Remember how frustrating it was learning to tie your shoelaces? I remember and liken it to learning to write better.
There are those who’ll simply tie your shoes for you. They’ll crunch down until you hear their knees crack and they’ll slip loops together, making it look seamless and easy. We’ll call these people editors.
There are those willing to show you how to tie your shoes even if it takes over a hundred tries. They model the action for you, hands busy with their own shoeslaces, hoping you’ll snag the appropriate steps as you witness. We’ll call this group mentors or authors of excellent books you’ve read.
Then there’s Velcro (or slip on shoes). The cop out. I don’t want to settle for Velcro. I’m not much of the formulaic, do it like she does it kind of writer. We’ll call this becoming an imitation writer.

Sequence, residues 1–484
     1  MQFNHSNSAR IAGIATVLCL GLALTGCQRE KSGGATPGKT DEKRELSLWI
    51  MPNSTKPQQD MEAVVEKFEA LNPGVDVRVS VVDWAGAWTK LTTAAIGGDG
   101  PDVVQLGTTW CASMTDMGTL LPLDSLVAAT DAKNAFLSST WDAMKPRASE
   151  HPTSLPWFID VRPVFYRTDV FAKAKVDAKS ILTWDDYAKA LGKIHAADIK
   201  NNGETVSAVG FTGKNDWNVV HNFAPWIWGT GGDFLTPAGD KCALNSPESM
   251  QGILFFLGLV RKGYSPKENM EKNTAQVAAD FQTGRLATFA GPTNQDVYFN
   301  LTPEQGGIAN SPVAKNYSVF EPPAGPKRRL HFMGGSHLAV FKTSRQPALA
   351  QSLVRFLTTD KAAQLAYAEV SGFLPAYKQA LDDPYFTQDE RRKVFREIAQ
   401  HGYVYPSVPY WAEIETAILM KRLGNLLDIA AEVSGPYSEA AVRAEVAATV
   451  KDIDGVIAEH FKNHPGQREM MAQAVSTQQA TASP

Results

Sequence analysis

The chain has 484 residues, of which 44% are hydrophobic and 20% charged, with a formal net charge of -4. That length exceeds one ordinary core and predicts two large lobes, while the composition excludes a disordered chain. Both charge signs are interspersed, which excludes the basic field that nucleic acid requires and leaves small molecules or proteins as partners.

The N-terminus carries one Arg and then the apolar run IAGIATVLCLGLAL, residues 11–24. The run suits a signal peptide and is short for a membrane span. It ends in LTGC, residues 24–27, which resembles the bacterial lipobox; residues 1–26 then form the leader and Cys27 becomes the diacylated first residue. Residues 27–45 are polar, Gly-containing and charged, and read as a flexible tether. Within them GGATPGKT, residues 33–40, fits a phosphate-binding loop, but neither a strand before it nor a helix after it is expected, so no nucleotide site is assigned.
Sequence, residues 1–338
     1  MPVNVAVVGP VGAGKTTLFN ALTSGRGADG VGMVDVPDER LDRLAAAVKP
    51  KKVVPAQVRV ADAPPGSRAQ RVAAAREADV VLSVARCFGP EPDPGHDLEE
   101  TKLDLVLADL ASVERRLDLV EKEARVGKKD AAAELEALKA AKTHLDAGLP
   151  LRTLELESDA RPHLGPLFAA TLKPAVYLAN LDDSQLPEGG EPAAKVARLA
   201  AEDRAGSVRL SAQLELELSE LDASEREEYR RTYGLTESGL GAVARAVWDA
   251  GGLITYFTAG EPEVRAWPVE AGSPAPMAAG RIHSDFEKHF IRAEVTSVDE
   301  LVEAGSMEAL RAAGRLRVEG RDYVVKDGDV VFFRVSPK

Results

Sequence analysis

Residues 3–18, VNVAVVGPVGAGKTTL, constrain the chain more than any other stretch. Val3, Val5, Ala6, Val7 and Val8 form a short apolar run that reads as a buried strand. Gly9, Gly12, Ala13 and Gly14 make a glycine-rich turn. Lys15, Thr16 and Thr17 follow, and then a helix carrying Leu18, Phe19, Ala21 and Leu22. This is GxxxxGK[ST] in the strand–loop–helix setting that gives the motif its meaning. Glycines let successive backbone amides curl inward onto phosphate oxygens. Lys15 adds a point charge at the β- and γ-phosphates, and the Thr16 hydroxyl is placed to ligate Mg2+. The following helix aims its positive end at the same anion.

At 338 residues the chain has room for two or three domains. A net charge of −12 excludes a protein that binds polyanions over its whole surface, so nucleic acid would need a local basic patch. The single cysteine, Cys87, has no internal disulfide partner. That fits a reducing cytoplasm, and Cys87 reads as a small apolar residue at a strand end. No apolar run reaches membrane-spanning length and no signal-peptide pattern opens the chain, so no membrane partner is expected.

When it came time for me to learn how to tie my shoes I studied, I concentrated…and I practiced. (And as with tying my shoeslaces, I did (and still do) my share of flubbing. I end up with floppy strings more than I care to admit.)
I’m a hands on learner. I can be reading six books at once, and though I happen to believe reading is an essential tool to help develop stronger writing skills, it’s actually sitting down to write that incites the most improvement. I’m in the 'I want to tie my own dang shoes' camp.
And now I’m all about the double knot.
What shoelace tying camp are you in? Do you see value in studying how others improve while establishing your own shoe tying groove?
*photo by flickr